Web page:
Assumptions kill products and burn your money | Lean Apps GmbH

Assumptions kill products and burn your money

08 January 2021

TL;DR: “How can you prevent your idea from failing? How can you identify all your assumptions? Prioritize and test them? Is there a system to de-risk your potential product?“ 

Most new products will fail in the market, even if they are competently executed.

Says who? Alberto Savoia, the innovator behind The Law of Market Failure.

Even VC data tells us that it takes more than 250 ideas to create a multi-billion $ return.

Following the law of market failure, we should presume a potential new product to be a failure UNTIL we’ve collected enough evidence to make us believe otherwise. Let data silence all opinions (including the ones from HiPPO). Let numbers speak. Let there be evidence.

In our experience of developing and launching new products, we have hit upon several failures. And it’s easy to blame them on Execution.

Every unsuccessful idea once looked great on a spreadsheet and PPT.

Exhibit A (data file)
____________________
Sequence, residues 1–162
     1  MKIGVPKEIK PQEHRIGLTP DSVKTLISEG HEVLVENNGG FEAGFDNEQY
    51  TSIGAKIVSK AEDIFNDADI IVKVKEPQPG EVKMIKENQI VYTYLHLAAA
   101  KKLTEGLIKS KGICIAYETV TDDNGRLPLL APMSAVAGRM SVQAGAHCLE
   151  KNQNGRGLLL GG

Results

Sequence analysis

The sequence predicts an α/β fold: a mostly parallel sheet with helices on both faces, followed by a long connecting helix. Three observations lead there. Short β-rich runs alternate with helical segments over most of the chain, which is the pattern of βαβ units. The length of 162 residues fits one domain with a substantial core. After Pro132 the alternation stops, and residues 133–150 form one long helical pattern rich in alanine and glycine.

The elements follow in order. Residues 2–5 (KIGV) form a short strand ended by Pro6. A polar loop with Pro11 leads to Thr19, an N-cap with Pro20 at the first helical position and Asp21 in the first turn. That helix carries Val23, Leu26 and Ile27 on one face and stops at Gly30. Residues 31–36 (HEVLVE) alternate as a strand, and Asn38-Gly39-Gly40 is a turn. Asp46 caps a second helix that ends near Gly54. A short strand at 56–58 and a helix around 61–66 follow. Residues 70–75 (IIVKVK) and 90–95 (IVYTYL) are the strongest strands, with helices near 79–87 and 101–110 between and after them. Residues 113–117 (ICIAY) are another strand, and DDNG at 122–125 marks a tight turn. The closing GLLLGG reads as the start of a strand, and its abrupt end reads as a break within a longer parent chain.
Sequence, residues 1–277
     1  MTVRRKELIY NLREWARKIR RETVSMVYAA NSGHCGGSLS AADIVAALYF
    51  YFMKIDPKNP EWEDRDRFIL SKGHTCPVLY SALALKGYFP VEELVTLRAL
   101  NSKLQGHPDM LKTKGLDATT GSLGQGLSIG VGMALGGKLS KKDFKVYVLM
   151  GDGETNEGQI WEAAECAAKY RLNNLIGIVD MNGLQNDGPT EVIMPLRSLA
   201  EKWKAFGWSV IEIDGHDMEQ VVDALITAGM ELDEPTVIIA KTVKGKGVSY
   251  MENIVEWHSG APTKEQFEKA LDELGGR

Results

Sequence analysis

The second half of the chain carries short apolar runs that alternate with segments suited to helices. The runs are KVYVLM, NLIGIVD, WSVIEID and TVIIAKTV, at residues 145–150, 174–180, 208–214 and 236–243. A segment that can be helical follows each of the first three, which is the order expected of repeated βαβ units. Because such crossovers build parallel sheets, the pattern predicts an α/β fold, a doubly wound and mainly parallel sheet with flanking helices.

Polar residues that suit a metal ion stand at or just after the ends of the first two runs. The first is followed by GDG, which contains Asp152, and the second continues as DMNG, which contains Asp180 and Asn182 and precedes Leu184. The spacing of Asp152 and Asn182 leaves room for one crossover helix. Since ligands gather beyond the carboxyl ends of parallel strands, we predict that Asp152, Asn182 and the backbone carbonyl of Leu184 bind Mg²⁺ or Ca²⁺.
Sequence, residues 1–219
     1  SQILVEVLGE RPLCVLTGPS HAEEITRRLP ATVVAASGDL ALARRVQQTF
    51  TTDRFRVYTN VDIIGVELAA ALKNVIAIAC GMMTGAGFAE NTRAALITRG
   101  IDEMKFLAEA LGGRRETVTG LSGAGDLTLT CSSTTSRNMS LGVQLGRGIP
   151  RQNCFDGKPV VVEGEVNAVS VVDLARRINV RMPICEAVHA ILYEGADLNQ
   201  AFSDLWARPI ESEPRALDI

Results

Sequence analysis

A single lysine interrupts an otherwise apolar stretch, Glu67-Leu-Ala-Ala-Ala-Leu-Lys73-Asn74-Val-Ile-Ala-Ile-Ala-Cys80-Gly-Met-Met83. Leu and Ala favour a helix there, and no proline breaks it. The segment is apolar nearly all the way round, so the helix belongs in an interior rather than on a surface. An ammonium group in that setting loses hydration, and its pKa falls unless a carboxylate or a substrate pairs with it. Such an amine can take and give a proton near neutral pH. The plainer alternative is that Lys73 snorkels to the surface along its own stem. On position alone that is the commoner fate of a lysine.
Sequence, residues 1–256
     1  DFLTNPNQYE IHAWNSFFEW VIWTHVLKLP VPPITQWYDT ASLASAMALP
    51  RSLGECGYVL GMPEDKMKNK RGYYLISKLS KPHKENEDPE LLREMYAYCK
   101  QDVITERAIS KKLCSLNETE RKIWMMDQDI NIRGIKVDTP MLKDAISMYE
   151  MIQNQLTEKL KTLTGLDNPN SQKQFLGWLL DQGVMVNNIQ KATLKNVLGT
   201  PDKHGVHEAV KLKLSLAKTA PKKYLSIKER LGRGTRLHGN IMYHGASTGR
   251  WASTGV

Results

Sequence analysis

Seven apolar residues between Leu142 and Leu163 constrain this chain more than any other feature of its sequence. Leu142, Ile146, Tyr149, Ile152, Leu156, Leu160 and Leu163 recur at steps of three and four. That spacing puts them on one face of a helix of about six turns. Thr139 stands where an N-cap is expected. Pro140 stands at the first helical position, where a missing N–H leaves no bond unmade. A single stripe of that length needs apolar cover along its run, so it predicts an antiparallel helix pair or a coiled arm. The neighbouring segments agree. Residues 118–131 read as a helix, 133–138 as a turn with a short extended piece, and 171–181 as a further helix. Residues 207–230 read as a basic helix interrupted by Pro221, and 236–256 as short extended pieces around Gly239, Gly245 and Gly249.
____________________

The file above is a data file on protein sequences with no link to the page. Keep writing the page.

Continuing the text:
What goes wrong then?

It usually starts with living permanently in a solution space (a.k.a. Dreamland). You would have heard that pitch from a friend:

“What if there is an app that can…………”

“Imagine you are entering your car and ……………”

We usually fail to mention – what PROBLEM are we trying to solve and WHO has the problem. We simply assume that

“if we build it, someone will use it, buy it and we will be rich”

And even if the idea is defined around the problem and a customer segment, it’s still filled with BIG unknowns. Most products are built with assumptions. Some so critical, that, if not true, will totally FAIL the product in the market.

So if you want to increase the certainty of your success, or want to de-risk your investment, you need to identify all the unknowns (assumptions), prioritize them and validate them by generating your own data (remember NO amount of market research will shield you from this failure).